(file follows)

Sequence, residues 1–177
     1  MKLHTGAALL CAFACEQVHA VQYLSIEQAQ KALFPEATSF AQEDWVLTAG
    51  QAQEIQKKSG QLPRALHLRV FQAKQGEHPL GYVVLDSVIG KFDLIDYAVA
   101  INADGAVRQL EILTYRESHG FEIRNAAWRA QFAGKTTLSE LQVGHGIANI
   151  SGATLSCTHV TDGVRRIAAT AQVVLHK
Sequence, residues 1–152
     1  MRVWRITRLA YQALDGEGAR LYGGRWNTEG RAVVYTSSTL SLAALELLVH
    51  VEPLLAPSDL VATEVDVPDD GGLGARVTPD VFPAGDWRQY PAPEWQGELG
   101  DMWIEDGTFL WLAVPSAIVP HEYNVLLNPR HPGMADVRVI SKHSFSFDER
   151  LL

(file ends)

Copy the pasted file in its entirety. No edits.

Sequence, residues 1–177
     1  MKLHTGAALL CAFACEQVHA VQYLSIEQAQ KALFPEATSF AQEDWVLTAG
    51  QAQEIQKKSG QLPRALHLRV FQAKQGEHPL GYVVLDSVIG KFDLIDYAVA
   101  INADGAVRQL EILTYRESHG FEIRNAAWRA QFAGKTTLSE LQVGHGIANI
   151  SGATLSCTHV TDGVRRIAAT AQVVLHK
Sequence, residues 1–152
     1  MRVWRITRLA YQALDGEGAR LYGGRWNTEG RAVVYTSSTL SLAALELLVH
    51  VEPLLAPSDL VATEVDVPDD GGLGARVTPD VFPAGDWRQY PAPEWQGELG
   101  DMWIEDGTFL WLAVPSAIVP HEYNVLLNPR HPGMADVRVI SKHSFSFDER
   151  LL